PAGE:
Saturday, January 5, 1974

Cedar Rapids Gazette

Location: Cedar Rapids, Iowa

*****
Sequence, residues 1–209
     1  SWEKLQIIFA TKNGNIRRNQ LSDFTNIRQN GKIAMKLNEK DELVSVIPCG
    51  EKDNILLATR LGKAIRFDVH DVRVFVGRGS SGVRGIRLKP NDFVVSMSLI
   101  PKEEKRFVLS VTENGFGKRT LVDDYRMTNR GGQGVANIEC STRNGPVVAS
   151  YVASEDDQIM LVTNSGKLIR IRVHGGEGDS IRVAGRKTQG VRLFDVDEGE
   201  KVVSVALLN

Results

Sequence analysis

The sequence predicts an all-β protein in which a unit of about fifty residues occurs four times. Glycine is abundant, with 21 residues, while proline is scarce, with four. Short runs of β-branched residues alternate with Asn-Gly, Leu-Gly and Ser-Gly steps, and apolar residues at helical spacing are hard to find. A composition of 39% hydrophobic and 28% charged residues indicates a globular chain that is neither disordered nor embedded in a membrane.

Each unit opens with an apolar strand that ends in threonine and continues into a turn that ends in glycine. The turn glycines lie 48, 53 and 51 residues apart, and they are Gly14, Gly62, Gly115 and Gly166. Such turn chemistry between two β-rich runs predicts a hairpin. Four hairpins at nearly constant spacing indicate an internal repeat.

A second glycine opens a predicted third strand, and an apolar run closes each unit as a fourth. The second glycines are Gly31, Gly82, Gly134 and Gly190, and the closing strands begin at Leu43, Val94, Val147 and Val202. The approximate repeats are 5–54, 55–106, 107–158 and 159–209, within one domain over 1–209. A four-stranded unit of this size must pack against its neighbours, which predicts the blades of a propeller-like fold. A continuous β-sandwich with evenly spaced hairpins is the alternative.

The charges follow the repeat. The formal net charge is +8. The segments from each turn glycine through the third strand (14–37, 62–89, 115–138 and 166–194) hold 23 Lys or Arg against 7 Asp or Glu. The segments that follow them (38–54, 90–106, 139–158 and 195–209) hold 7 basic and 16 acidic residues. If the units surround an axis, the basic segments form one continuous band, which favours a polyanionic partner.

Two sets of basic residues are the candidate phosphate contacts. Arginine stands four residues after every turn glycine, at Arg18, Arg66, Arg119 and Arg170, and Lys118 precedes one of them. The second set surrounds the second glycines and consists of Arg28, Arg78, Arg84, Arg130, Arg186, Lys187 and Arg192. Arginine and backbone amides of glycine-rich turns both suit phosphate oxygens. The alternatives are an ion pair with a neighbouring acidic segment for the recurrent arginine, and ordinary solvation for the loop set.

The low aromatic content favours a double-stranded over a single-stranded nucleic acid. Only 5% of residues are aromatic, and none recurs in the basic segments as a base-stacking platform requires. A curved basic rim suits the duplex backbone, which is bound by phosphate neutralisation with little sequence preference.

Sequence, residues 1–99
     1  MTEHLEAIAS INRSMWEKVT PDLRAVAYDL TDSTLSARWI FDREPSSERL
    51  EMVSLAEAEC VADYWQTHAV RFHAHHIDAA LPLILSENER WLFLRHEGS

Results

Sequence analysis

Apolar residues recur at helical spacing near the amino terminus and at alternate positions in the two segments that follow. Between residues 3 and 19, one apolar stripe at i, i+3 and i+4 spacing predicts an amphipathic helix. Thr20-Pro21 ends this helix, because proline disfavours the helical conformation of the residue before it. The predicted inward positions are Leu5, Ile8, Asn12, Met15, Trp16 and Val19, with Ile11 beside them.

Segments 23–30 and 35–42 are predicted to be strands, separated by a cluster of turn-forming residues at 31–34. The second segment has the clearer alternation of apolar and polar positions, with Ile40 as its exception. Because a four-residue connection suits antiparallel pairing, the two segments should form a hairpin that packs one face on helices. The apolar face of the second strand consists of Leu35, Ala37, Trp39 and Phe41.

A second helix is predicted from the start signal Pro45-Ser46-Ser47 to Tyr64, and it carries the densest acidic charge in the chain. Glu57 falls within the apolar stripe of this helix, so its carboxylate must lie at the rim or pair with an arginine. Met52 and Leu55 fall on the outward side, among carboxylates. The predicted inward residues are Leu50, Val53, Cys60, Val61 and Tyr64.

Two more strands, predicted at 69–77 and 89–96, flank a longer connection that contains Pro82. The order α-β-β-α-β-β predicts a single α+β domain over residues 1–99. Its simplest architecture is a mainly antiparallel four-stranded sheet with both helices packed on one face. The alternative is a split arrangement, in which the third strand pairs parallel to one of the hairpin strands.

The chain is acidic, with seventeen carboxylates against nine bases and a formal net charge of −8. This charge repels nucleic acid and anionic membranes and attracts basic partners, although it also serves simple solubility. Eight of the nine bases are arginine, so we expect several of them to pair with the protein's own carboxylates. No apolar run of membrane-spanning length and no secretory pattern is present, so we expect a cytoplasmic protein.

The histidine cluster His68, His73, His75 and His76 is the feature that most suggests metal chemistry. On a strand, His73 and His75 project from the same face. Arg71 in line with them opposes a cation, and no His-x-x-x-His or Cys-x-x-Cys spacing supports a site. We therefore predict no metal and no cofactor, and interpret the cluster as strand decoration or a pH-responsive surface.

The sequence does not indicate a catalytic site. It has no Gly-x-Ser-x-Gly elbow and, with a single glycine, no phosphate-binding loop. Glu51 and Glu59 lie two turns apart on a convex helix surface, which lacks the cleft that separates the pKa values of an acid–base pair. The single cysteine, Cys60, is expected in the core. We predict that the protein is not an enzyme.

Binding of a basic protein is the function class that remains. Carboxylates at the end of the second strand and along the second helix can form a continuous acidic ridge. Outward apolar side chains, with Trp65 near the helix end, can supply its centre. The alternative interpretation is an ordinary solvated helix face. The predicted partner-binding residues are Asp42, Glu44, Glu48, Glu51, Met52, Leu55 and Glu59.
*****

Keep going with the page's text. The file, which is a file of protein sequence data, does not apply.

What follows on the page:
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Cedar Rapids Gazette (Newspaper) - January 5, 1974, Cedar Rapids, Iowa Epiphany: The End of Christmas By I^>uis Cusseta United Pr«»* Intarnatiorw l This weekend* Christians around the world art* celebrating an ancient fastival whose significance is obscure lo most of them. The feast of Uh* Epiphany is observed annually on Jan. 6. This is the final day of the 12-day “Christmastide” season which begins Dec. 25. Thus it is sometimes called (as in Shakespeare’s play) “Twelfth Night”. The name “Epiphany” conies from a Greek word which can ta? translated literally as “(manifestation.” In practice, the Greeks reserved it for manifestations of divinity. Christian tradition holds that the feast of the Epiphany commemo rates three occasions when the divinity of Christ wasunanifestcd. Magi The first was the arrival of the Magi — tile “wise men” who were guided to Jesus’ birthplace* the Gospels say, by a star* The .second manifestation took place when Jesus, then a grown man, was baptized by the prophet John in the Jordan river. The Gospels record that a voice from heaven proclaimed, “This is my beloved son, fin whom I am well plcasod.” T loc third manifestation commemorated at Epiphany was the occasion when Jesus performed His first miracle, turning water into wine in order to spare a host embarrassment at a wedding party iii the Galilean village of Cana. Older Celebration of Epiphany is old^x than the observance of Christmas, which did not attain a fixed date on the Christian calendar until well into the Fourth century A. D. In Eastern Europe, Greece and the Middle East, where the Orthodox church has been the dominant cultural influence for centuries, Epiphany continues today to be a more important festival than Christmas. In western Christendom, Epiphany celebrations since the Middle Ages have concentrated on the first of the three manifestations — the visit of the Magi to the stable in Bethlehem. The Bible does not say how many “wise men” there were. The ( i clar Rapids Gazette: Sat., Jan. 5, 1974 3. Top Church Stories of 1973 The Christmas decorations of poinsettia and Christmas wreaths will remain in place for Sunday celebration of Epiphany al St. Patrick's Catholic church. Epiphany ma Its the end nf tho Christmas seasor Oizelte pftoto by Duane Crock Church Briefs The traditional assumption there were three is derived from the fact that Scripture docs record they brought three different gifts: gold, frankincense and myrrh. These, to people of that era, symbolized tribute, worship and death. Astrologers In all likelihood the “wise men” were Babylonian astrologers, and it is quite possible they were attracted to Judea by a rare conjunction of planets in the evening sky which, modern astronomers have calculated, took place in the year of Jesus’ birth. But pious legend has promoted the astrologers to Kings of Orient. It not only has arbitrarily fixed their number at three, but has even provided them with names: Casper, Melchior and Balthazar. This embroidering of the simple scriptural story reached a peak when the Roman Empress Helena “discovered” some bones which a Fourth century con man persuaded her were the remains of Caspar, Melchior and Balthazar. She transported them to Europe, and they now lie magnificently entombed in the Cathedral cf Cologne, Germany. 1974 Predictions Two McGregor Churches Vote For Joint Pastor By Eon is Cusseta United Press international Venerable tradition dictates that a journalist peer into his crystal ball at year’s end and try to guess what 1974 will bring in the world of religion. Tilt* first question that comes to mind is: What effect will the energy shortage have on churches? Some church leaders have publicly deplored President Nixon’s call for gasoline stations to remain closed on Sunday. They fear this might keep people from going to church. MCGREGOR — Members of the Methodist and    Congrega tional churches here voted Dec. JO to have a joint pastor effective June 15. The new minister    will preach,    make    the    trip    with    gasoline at both churches    presently!    purchased    on    Friday    or Satur- served by the Rev.    Fred Metal    day. That is fatuous. Very, very few people drive more than a few miles to get to their churches, and they can easily burg, Congregational, anti the Rev. Rex Piercey, Methodist student pastor. Pastor Piercey said the Methodists who voted were unani-l mously in favor of the plan. The Congregational church approved the plan on a vote of 40 to 17. j Financial difficulties in each church led to the joint plan. In accordance with the agreement, both present pastors will leave. Lay leaders will name a committee of three members from each church to fix salary and select the denomination! from which the new pastor will come. 20 YEARS AGO The Iowa conservation commission announced that effective March I, there would be a continuous open season on trout. lf anything, Sunday closing and sharp reductions in gasoline supplies should have the opposite effect. As the Rev. Dr. W. Sterling Cary, president of the National Council of Churches, recently remarked: Values “Lacking the opportunity for vacation weekends, people may find again their local church . . . and have time to search for the values that once made this nation one of hope and trust.” I am not as optimistic as Dr. Cary that people will go to church just because they don’t have enough gas to go any- iskirt,” said the Rev. Howard Hickey. “J feel sure he can survive pants suits.” Giving Of greater concern is the prospect, which some economists foresee, of an economic recession. If at all serious, this would result in a reduction of giving, which recently has shown an improving trend in many denominations. The state of the U. S. economy also will have an effect on the value of the dollar in terms of purchasing power overseas — and this in turn will directly affect church missionary programs. The drastic devaluation of the dollar that occurred in 1973 had a devastating impact on U. S. mission programs. Many major denominations had to cut back sharply the number of missionaries they are supposing in other lands. Theologically, it seems probable 1971 will bring a spate of sermons, articles and taioks on the uses of adversity. The Bible clearly teaches that riches arc dangerous and that bardship can be a blessing in disguise because it strengthens character. This is the first time in years that preachers could develop that theme with assurance that their congregations will find it entirely relevant to their everyday lives. Alaska Student To Speak at Scotch Grove James Nagcak, a seminary student from the farthest area in North America, will be guest minister at the Scotch Grove Presbyterian church Sunday and Jan. 13. Coming from the North Slope area, Alaska, Nageak is the first Eskimo to study at the Dubuque seminary. * * * A special meeting of the Congregation - Corporation of the First Presbyterian church of Iowa City will be held Sunday at 7 p.m. to decide if the property at the corner of Market and Clinton streets should be sold. ♦ * * The church broadcasts scheduled each Sunday at 4 p.m. on KCRG radio during ByG corge W. Cornell AP Roll aion Writer NEW YORK (AP) - Symbolizing an apparent trend in United States religious life, a dramatic victory by conservatives in a major Protestant denomination was cited by the country’s religion newts writers as 1973’s top story in their field. 'I’ Ii a t event, in which backers of a literalistic view of the Bible consolidated their dominance of the Lutheran Church-Miissouri Synod, still is producing repercussions in the ranks. However, the tendency toward a more conservative approach to faith was not an isolated affair. It also was reflected in the year’s religious development rated in second place — the increased emphasis on personalized religion in contrast to a previous stress on social activism. Growth In this connection, the religion writers cited a growth of Bible study and prayer groups, more interest in evan-g e I i s m instead of social causes, and more concern for congregational life than national denominational service projects. Another clue to the conservative swing, rated as the third-place religion story, was the decision of the Episcopal church to refuse ordination to women, turning down pro longed church ferment for such a change. .Still another sign of an old-style accent on the spiritual chowed up in the fourth-rated development - a sharp upsurge in tho charismatic or Pentecost al-ty pc    movement among both Protestants and Roman Catholics. It was strongly Bible-centered and involved spiritual healing and praying in unknown tongues. Key 73 “Key 73”, a yearlong, inter-denominational Christian evangelistic crusade, was rated fifth, although some religion writers classed it a “bust.” Others maintained it gave faith a new visibility in print and on the air. Jewish leaders, who at first criticized the program as aimed at proseletyzing among Jews, said it actually had positive effects in stimulating dialogue that clarified ties of Christianity to Judaism. Sixty-four religion writers on daily newspapers and other media took part in the poll, tabulated by Eileen C. Spraker, religion editor of the Wilmington, N. C., Ncws-Jour-nal papers. She said other top-rated 1973 religious developments in order of their placement included: Sixth — The abducting tac-t i c s employed by some parents, aided by Californian Ted Patrick, to “rescue” their children from zealously a r religious communities, such as the Children of God. Seventh — The Vatican’s reaffirmation of the infallibility of the Pope in explicitly teaching “ex cathedra” from the chair of Peter on faith and morals. Ireland Eighth — The violence-riddled conflict between Protestants and Catholics in Ireland, with &teps now apparent for compromise in the long struggle that has involved socio-economic factors more than religious differences. Ninth — The stand taken by U. S. Catholic bishops for a grape-lettuec boycott in support of Cesar Chavez’ United Farm Workers Union, and in support of strikers against the Farah Manufacturing Co., a Texas maker of pants. Tenth — The decision of the United Presbyterian Church to re-enter talks seeking to unite nine major Protestant denominations, a consultation from which the U. P. church had withdrawn the year before. Some religion writers felt that the Watergate affair indicated a general religious-moral malaise in the country. Others cited the supreme court decision permitting abortion as a similar sign. St. Paul's Church Begins Annual School of Missions St. Paul’s United Methodist church annual school of missions begins Sunday and continues Jan. 13 and20. The first session begins with a light lunch following the ll a.rn. service. Speakers for the program will be the Rev. Mr. and Mrs. Eldon Nolte who have served as missionaries in Brazil and are now preparing to leave for a new assignment in Argentina where they will do public relations and literature promotion on the local church level. Pastor Nolte is a graduate of Westmar college and a member of the Iowa conference of the United Methodist church. He will also be in the pulpit at the 9:30 and ll a.m. worship services Sunday. The following Sundays will deal with the American Indians. Jan. 13 the Rev. Richard Thomas, Cornell college chaplain, will speak. Jan. 20 the Rev. John Hantla, jr., of the Goodwill Mission in Sioux City, will tell of the vocational training programs of the mission which deals with the Americans Indians. Cedar Rapids Worship Services M. Hardy. S.S. 9:30. Serv. 10:40. “We Have Response-Ability”. NoplridRC — 727 Collins rd. iNE. Philip Ewoldsen. S.S. 10:45. I Serv. 9:30. ASSEMBLY’ OF GOD Central — 3030 F ave. NW. Ramon Booth. S.S. 9:30. Serv. 10:30. Eve. 7:30. Wed. 7:30. First — 2531 42nd st. NE. Gary A. Jenkins. S.S. 9:45. Serv. 10:45. Eve. 7. Wed. 7. EPISCOPAL BAPTIST    Grace—525 A Ave. NE. Paul Borean — 5037 Center Point Traeumer. Masses, 8. IO. Chil-rd. NE. Glen V. High. S.S. 9:45. drcn’s chapel and S.S. IO. Serv. 10:45. Eve. 7.    St. John’s — 355 15th st. SE. dowbrook, 31st st. J. Olson. S S. 9:30 10:45. Trinity—(Mo.) 13G3 1st ave. SW. Richard A. Osing, Richard L. Thompson. S.S. 9:15. Serv. 8, 10:30. Sat. 6. Word of God—Deaf — (Mo.) 1363 1st ave. SW. Allan C. Page. First and third Sun. of month. S.S. 2. Serv. 3. -E. Landis j 10:15. Matins IO. Liturgy, 10:30. Serv. 3:30, j Sat. Vespers, 7:30 p.m. St. John’s — (E) 600 7th st. SE. S.S., Matins, IO. Morning Prayers, ll. St. John’s—(Gr.) 501 A ave. NE. Alexander Anastasiou. S.S. 10:30. Orthros 9:30. Liturgy 10:30. PRESBYTERIAN Calvin - Sinclair — (United) Calvary — (CBA) 1203 3rd i D. A. Loferski. (Communion 3.) 9:30. Serv. 8:15, 10:45. ave. SW. Harry Egner. S.S. 9:30. S.S., serv. 10:30. Choral Eu-I    - Serv. 10:45. Eve. 7. Wed. 7. chorist, 10:30, first Sun. I Edgewood — (BGC) E ave. St* Michael’s — 220 40th st. and Edgewood rd. NW. S.S. NE. Thomas C. Aycock, jr. 9:45. Serv. ll. Eve. 7. Wed. (Eucharist, 8 a.m., 6 p.m. S.S., 7:30.    serv, IO. First—(ABCi 1200 2nd ave. /ion — (Mo.) Highway 150, (Hiawatha. Larry Brelje. S.S. J715 38th st. SE. Earl A. Hueb- SE. Dr. Wayne A. Shireman. S.S. 9:30. Serv. 10:5C. Galilee—(GARB) 1947 Washington ave. SE. Larry R. Engle. January I S.S. 9:30. Serv. 10:40. Eve. 7. will originate from First Haptist J Wed. 7. church and Church of the Breth JEHOVAH'S WETNESSES West Congregation — 1221 Center Point rd. NE. Public talk, 9:30. “Life in Security Under the M c s s i a h’s Reign”. Watchtower, 10:30. “Spared ren. This is a combined Cedar Rapids congregation and services are scheduled in the church at 1200 Second avenue SE. Immanuel — (S. B. C.) 1900 (From Slaughter with the King’s F ave. NW. S.S. 9. Serv. 10:15.1 Enemies”. Donald K. Dixon. Eve. 7:15. Pioneer Avenue Congrega-Wed eve 7    Bon    —    3103    Pioneer    ave. SE. Public talk, 9:30. “Does Your Tit SE. Serv. . Zion—(NBG) 824 8th st.    J™    I r LtfRov White’ S.S. 9:30.    S.S. 9:45. Serv. 10:45. ll, 3.30. Wed. 7:30.    !    i    ! Evc - 7. Wed. 7:30. J. „    ,    _    .    Wealth for Earth s New King . ...    New    Testament    Baptist—    _ Kenwood—(United/ 30233rd Dr. Wayne Shireman serves (BBF) 749 Old Marion rd. NE.    st. NE. Clifton W. Ellerbeck. John Hulse, jr. S S. 9:30. Serv. LATTER DAY SAINTS js.S. IO. Serv. 9, ll I 10:30. Eve. 7. Wed. 7. METHODIST Asbury — (United) 351 26th ave. SW. Charles R. Mchaffcy. S.S., serv. 9, ll. Bertram — (United) L. Neil i Townsend. S.S. 9:45. Serv. !10:30. Bethel—(AME) 512 6th st. SE. George Moore. S.S. 9:30. Serv. ll. Buffalo — (United) B la i rsj Johnson. S.S. IO, ll. Serv. IO. Ferry rd. NE. Wilber! R. Tru- “Charisma Is For You”. Evc. 4 sheim. S S. 10:15. Serv. 9. I p.m. Faith — (United) 1000 30th Hus Memorial — (U n i t c d) st. NE. Wilbert It. Trusheim. (2808 Schaeffer dr. SW. George B. McDill. S.S. 10:30. Serv. 9:30. “Sharing Secrets”. nor. S.S. IO Serv. 9, 11:10. Communion. Central Park—(United) 1700 B ave. NE. Allen S. Van Cleve. S.S. 9:45. Serv. 8:45, ll. Christ Church — (United) 2000 1st Ave. NW. Robert Bouton. S.S. 9. Serv. 10:10. ’ There Will Be Some Changes Made”. Communion. First — (United) 310 5th st. SE. John S. Shew, Larry It. S.S. 9:15, serv. 10:30. Free—800 G ave. NW. Wayne both congregations. ♦ * * The Alpha Omega, a eon-temporary gospel music group from Des Moines, will present a concert Jan. 13 ut 2:30 p.m. at the Hopkinton United Presbyterian church. The concert is being sponsored by the United Methodist and United Presbyterian Youth Fellow- Mormon—4300 Trailridge rd. Lovely Lane Norridge    Park— (CBA) Golf    SE. Bishop Paul L. Garvin,    and Wenig    rd. NE.    Don F. and Clifton    sts. NE. Bruce W.    i Priesthood    8:30. S.S. 10:30.    ^16.8.8.    9:15. 56^10:30. Young. Daniel A. Larson, S.S. Eve. 5.    ;    S    S.    9. Serv.^ IO. “What Time Do 10:15 Serv. 9.    Reorganized—120 19th st. NE. I You Have? Twin Pines Baptist—(NAB) Elder James O. Loy. S.S. 9:30. Salem — (United) 225 First 3300 42nd st. NE. Werner I Serv. 10:30.    ave.    SW. Paul Pfaltzgraff. S.S. Lemke. S S. IO. Serv. ll. Evc. 7. ’    - ,S.S. 9. Serv. IO. Wed. ..15.    *    I    rill    i>    \v    Sharon    — (United) 831 18th Valley View Baptist—(BGC)    J    ave.    SW. Everett K. Durham. 5555 Mi. Vernon rd. SE. Carroll    Betiiany    (Mo.)—2202 forest    ss. 9 Serv.    IO. Van Anda.    S.S. 9:30. Serv.    dr. SE. A.    C. Hornbostel. S.S.| st. james-* United)    149011- 8:15, 10:45. 10:30. “Our Rock”. Eve. 7. “The Crisis of Life”. Wed. eve. 7:30. * * * Dr. David Hay of Coe college will begin a three-part series of I sermons Sunday dealing with chapters 14, 15 and 16 of John. ^He will focus on the relationship of the Holy Spirit to the church. Three Coggon Churches Plan Joint Services COGGON - Three of the McMam .,. Manes, Sat. 5:30; Protestant churches of Coggon Sun . t ? ; 3o, 8, 9:30, ll. 12:15. decided to do something about st. Matthew's—1st ave., 24th NE. A. A. Sodawasser, Arthur Kleve, T. J. Histing. Masses, Sat. 5:30 p.m.; Sun. 6:30, 8, 9:30, ll, 12:15. St. Patrick’s •— 500 1st ave. CATHOLIC All Saints — Dellwood, 29th SE. Edmund J. Becker, James L. Blocklinger. Masses, Sat. 5 p.m.; Sun. 6, 7:30, 9, 10:30, noon. Immaculate Conception—859 3rd ave. SE. Win. P. Leonard, Daniel J. Keppler, Richard J. Hess. Masses, Sat. 5:15. Sun. 6, 8, IO, noon, 5:15. St. Jude’s —150 Edgewood rd. NW. John M. Gregory. Richard Ament, Laverne Sehueller. Masses, Sat. 5:30. Sun. 7, 8:30, IO. 11:30. St. Ludmila's—211 21st ave. SYV. Robert W. Cizek, Paul C. 9:30. Sen Concordia (Mo.)—4210 Johnson ave. NW. Paul A. Scheidt. S.S. 9:15. Sen\ 8,    10:30. “King? What King?” First — (LCA) 1000 3rd ave. SE. George W. Carlson, Larry K. Fruehling, Alvon Nelson. S S. 9:25. Communion and serv. 8:15, ll. “A Super Star”. Dr. David Hay. Thurs. eve. 7:30. ‘‘Sessions on Divorce”. Gloria Dei—(ALC) 153 Cherry Hill rd. NW. Charles G. Schultz. S.S. 9:30. Serv. 8:30, 10:30. Communion, first Sun. of month. Eve. 6:30. Good Shepherd — (WELS) 2900 42nd st. NE. Gary Kirsch-ke. S.S. 9. Serv. and Cornin un ion 10:15. “Rise and Shine”. Holy Redeemer—(LCA) 720 Edgewood rd. NW. Cedric J. Lofdahl. Sat. 5:30. S.S. 10:30. Sen 9:90.    WeelefMi Hope -< LCA' 2736 Bowling Richard Root, the energy crisis. The boards of the Christian church, the Presbyterian church and the United Methodist ___________ _..    HH I ,IH church voted lo worship to- gW. Mwtln Laughlin Carl A. K SW«l A. ^t.Corn-.....    ,    ,    .!    Bios,    Maurice J. Lynch. Masses, mullion, inst sun. or monin. gather for the next 12 weeks to I sat. 5:15 p.m.; Sun. 6:30, 8, 9:45, Sat. eve. 6. S S. 8:45. Serv. IO. conserve fuel.    ll,    12:15.    Our    Savior’s    (ALC)    3634    1st Beginning Sunday, the joint; St. Pius X—Council st., Col lis blvd. NW. Stephen R S S. 8:45. Serv. IO. St. Mark’s — (United) 4700 Johnson ave. NW. Lee Roy Collins. S.S. 9:45. Serv. and Communion ll. “Now is the Hour”. Eve. 6:30. St. Paul’s — (United) 1340 Third ave. SE. Arnold Herbst, James ll. Riegel, Warren S. Webb. Communion, 8:30. S.S., serv. 9:30, ll. "By All Means, Preach tho Gospel in Brazil”. Eldon Nolte. Shueyville — (United) Rt. 2. Leonard Showalter. S.S. 9:30. Serv. 10:30. Trinity — (United) 3rd ave. 5th st. SW. Ernest W. Larson. S.S. 9:30. Communion and serv. 10:45. “Brought to the Temple but Sent to the World”. Union (United) Ely rd. SW. Leonard Shovvalter. SS. IO. Serv. 9. 2600 1st ave. NW. Ernst. S.S. 9:45. 10:45. Wed. 7:15. Indian Creek — (Reformed) K.P. Hall, 1001 Old Marion rd. NE. Mark Pett. S.S. ll. Serv. IO. Kenwood Park—(United) 327 35th st. NE. L. A. Chamberlain, (United) 42nd Murry Haber. S.S. 9:30, ll. Communion and serv. 8:15, 9:30, ll. “The Extra Mile”. Knox—(United) 1525 Hollywood blvd, NE. Floyd J. Conroy. S.S. 9:30. Serv. 10:30. Olivet—(United) 237 10th st. NW. Francis Roy King. S.S. 9:30. Serv. ll. “Never Buy Shoes in the Morning”. Westminster—(United) 1285 3rd ave. SE. Dr. John F. Woods. Wayne Forrest. S.S. 9:30. Serv. 9:30, ll . UNITED CHI HCH OF CHRIST Fden—(E and R) 351 8th ave. SW. Glenn D. Hunt. S.S. 9:30. Serv. 10:45. First Congregational — 361 17th st. SE. Glenn N. Bender, Robert L. My ren. S.S. IO. Serv. IO. Eve. 7. Hope - - 150 9th ave., Hiawatha. Lyle V. Kuehl. S.S. 9:30. Serv 10:45. “To Be Full of Love”. OTHER CHURCHES Baha’i Center—Tues. 8, 1810 Ridgewood terr. SE: Wed. 7:30, 2415 4th ave., Marion; Frl. 8, 2773 C st. SW, Apt. A. Bethany Congregational—1300 (Continued on Page 5, Col. 5.) nave enougn gas to go any- q |j    ^    Children    worship    service    will    be    held at Has rd. NE. Bernard G. Collins, where e sc. But if the gasoline    H vvmii vnnuiwn    »    ii*    m.iK    John    Frederick. Masses, Sat. Is Tonic of Classes j^ 1 Christian church at IO:IS 7:J# pnv . Sun 7 9    W30 . IS topic Or ll S #.m. and will continue there for noon, 5. Cedar Hills Community Re-lsix weeks. The final six weeks) st. Wencestau*—1224 5th st. laff-a-day “Nurse, cancel all my appointments lur the next hall hour. I have an important luncheon *ngageinent. shortage has any effect at all on church attendance, it should be helpful rather than harmful. Churches presumably will lower their thermostats six degrees, as homeowners have been asked to do* in order to conserve heating oil. Cooler churches would he a decided boon iii helping to keep people alert Instead of growing sleepy, as one is apt to do in an overheated building. And the congregation can forestall discomfort by dressing for warmth. The rector of SI. Thaddeus episcopal church in Aiken, S. announced in resfMinse to inquiries from la dies of the parish, that he had no objection to women show mg tip for worship iii pants suits. “God lived through the inin- j Services agency will present a six-week course on with Your Children”. (’lasses will meet 7:30 p.m.; a m. and will continue there for noon, 5. Re-j six weeks. The final six weeks st. YVenceslaus Clarence Prana. Masses, Presbyterian church. The Meth-)    ^ P- 111 -* Sum 9*90, 8.30, odist aud Christian Sunday formed church and the Family|of services will be held at Zion| SH 10:30. schools will meet for the entire 12 weeks at the Christian beginning; c h urc |,. Tho Presbyterians will Sunday at 7 p m. The cost of the c o ii duet 'course is $1 per person per school. class.    ——— --------- their own Sunday CHRISTIAN Cedar 526 3rd ive SW Neville (J. Clayton. S.S. Si. Serv. 10:15. “Thoughts About the Church”. First 840 3rd ave. SE. John ave. NE. F. William Hilker. Marvin L. Ehncn. S.S. 9:15. Serv. 8, 10:30. St. Andrew (LCA) 4420 Center Point rd. NE. James M. Posher. SS. 9:40. Serv. 8:30, 10:45, "A Word To Convince”. St. Mark’s -(LCA) 2100 1st ave. NE. David Fraus Larson. S S. 9:30. Communion and serv. 8:30, ll. “Superstar”, St. Stephen’* I ALC) Mea- Serv NAZARI.NE First — 3113 1st ave SW. Hardy J. Powers. SS. 9:45. Serv. 10:45. Eve. 7. Wed. 7. Oakland—1515 29th st. NE. Crawford Howe. S.S. 9:45. Serv. 10:45. Eve. 7. Wed. 7:30. Trinity -- 1328 K st. SW. James L. Haves. S.S. 9:30. Serv. j 1C:30. Eve. 7. Wed 7. ORTHODOX St. George— (Sy.) 1202 loth SE, Constantine Nasr S.S. GALILEE BAPTIST CHURCH 1947 Woihington Av*. S E. 9.30 AM Sunday School 10:40 AM Morning S«rvic« 7:00 Evening Seme* Wed. Service 7:OO PM Cod it Absolut* Righteousness, meaning that He is Absolute Perfection; that He is Holy. Man must have this in order to enjov fellowship with God and gain heaven. It is available only through Christ, Who aion# can make man righteous. Psalm 145:17 Romans 3:22; ll Corinthians 5:21.    _ First Lutheran Sets Clinic on Divorce First Lutheran church is sponsoring a two session series on divorce beginning Thursday at 7:30 p.m. The purpose of the clime is to give people who are going through the adjustment of di v o r c e an opportunity for growth. EPIPHANY SUNDAY (JANUARY Hill) at First Presbyterian! 3rd Aienur and Fifth Street SU in on xxi Win ship I tipi* “Charisma is for You!’’ 4 till PM 4th Vesper Concert '(‘attiring Dentine Anoa, Organist GOOD NEWS BAPTIST CHURCH 311-5tii St. S.E.-Y.W.C.A. Sunday School IO Ai iormng Worship 11 Ai Evening Worship 7 Pi Wednesday Bible Study and Prayer J Pi at members' homes For fuither information Call 365-3334 TRINITY BAPTIST CHURCH Independent-Fundamental meeting in \ MOA Auditorium 1st Ave. & 5th St. ive. DOWNTOWN Services: Sun. School IO AM Morning Worship 11 Sun. Evening 7:00 Wed. ta veiling 7:30 Pastor—Nick Crow :00 R jt/ Atte